I am trying to find sources for nontoxic floor coverings and know that you recommend bamboo, cork, or natural linoleum, but do you have any information on how healthy or nontoxic cement flooring is?
—Marsha Miller, via e-mail
David Eisenberg replies:
In general, cement (concrete) floors are inert and do not pose a toxicity risk as far as offgassing is concerned. For people extremely sensitive to chemicals, some admixtures in the concrete may be problematic. These are added for such things as controlling the workability or setting time of the concrete. And curing compounds, used to prevent rapid drying and cracking after concrete is poured, have been suggested as potentially problematic for highly sensitive people. It is usually possible to pour high-quality concrete floors without admixtures or curing compounds.
Greater concern about toxicity is related to the possible effects of finishes, such as stains, sealers, or waxes. If finishes are used, it is good to know what is in them and what health concerns are known about them.
Material Safety Data Sheets (MSDSs) should be available from the suppliers of most commercially available sealers and finishes. These provide important information about known health concerns, exposure levels, and proper safeguards for use. Adding pigments directly to the wet concrete before or just after it is poured and then troweling the surface to a hard, smooth finish usually makes it unnecessary to use any other finish.
Some people complain that standing or being on concrete for very long is hard on the feet, legs, and backs and therefore not generally healthy. Finally, though not a direct health effect, the production of Portland cement, the part of concrete that “cements” the aggregate (sand, gravel, and rock) together is quite energy intensive and contributes significant amounts of carbon dioxide to the atmosphere.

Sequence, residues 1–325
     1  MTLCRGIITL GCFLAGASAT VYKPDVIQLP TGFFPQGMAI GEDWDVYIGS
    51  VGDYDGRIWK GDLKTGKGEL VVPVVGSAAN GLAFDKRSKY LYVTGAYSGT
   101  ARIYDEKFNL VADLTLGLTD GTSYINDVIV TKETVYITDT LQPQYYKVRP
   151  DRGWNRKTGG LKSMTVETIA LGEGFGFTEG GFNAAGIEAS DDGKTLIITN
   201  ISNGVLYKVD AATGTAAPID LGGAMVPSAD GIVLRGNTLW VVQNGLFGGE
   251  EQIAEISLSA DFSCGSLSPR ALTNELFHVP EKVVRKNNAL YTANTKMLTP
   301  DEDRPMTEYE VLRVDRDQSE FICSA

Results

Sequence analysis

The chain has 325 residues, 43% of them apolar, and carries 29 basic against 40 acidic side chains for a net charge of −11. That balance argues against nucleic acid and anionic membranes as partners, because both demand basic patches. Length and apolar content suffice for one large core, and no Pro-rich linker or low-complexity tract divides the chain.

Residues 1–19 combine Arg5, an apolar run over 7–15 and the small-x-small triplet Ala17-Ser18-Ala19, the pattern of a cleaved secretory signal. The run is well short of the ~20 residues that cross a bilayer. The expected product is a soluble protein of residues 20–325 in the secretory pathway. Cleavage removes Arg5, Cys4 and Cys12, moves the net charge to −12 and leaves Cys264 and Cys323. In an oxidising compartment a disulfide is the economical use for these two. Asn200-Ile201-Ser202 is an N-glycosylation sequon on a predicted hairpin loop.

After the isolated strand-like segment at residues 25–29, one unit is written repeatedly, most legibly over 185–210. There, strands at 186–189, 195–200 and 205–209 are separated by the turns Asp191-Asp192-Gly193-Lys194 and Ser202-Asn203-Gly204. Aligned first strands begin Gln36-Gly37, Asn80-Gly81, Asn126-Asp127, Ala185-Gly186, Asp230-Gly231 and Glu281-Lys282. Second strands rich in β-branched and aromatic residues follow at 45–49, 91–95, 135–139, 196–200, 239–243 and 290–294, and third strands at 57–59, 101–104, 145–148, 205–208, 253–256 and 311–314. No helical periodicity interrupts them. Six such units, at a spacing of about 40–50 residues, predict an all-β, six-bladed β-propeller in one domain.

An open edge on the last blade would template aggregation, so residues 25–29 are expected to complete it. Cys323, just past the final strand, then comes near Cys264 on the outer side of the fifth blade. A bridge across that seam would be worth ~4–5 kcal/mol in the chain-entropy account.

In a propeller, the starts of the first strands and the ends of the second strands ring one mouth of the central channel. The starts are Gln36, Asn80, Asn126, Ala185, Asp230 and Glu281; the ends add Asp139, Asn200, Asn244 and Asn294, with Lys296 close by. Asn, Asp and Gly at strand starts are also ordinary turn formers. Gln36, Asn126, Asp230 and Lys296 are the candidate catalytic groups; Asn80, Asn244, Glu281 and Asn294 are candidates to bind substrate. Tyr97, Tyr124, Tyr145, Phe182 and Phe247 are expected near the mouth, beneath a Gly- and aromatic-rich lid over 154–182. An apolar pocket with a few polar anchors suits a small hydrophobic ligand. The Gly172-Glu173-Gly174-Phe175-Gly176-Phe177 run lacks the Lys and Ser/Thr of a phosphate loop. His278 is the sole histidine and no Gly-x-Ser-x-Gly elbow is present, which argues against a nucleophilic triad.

DAVID EISENBERG is co-founder and director of the Development Center for Appropriate Technology in Tucson, Arizona, and co-author of the best-selling book, The Straw Bale House (Chelsea Green, 1994).
Suds for duds
We own a high-efficiency (Bosch) washer and dryer. These increasingly popular front-end loading machines (now available in numerous brands) offer exceptionally low energy and water consumption. They require the use of low sudsing, high-efficiency detergents such as Tide HE. Regular detergents, even in reduced amounts, suds way too much! Because I see more and more articles suggesting that standard household cleaners and detergents may be responsible for adding to increased cancer rates, I would like to find a more healthful alternative. Can you recommend an environmentally friendly brand or product?
—Karlen McBirney, Sandpoint, ID
Debra Lynn Dadd replies:
Many of the plant-based laundry products sold in natural food stores can be used in front-loading washers. In fact, a common complaint about plant-based laundry products in general is that they don’t suds as much as we are accustomed to with conventional detergents. Both Ecos liquid and powder laundry products (www.ecos.com) can be used in high-efficiency washers and say so on the label. Ecover recommends using its laundry liquid in half the amount called for on the label, according to your water type. Soapworks (www.soapworks.com) says its soap-based laundry powder can be used in front loaders, “but use a little less.” In addition, your favorite natural laundry product may work fine. Give it a try, starting with half the recommended amount or less.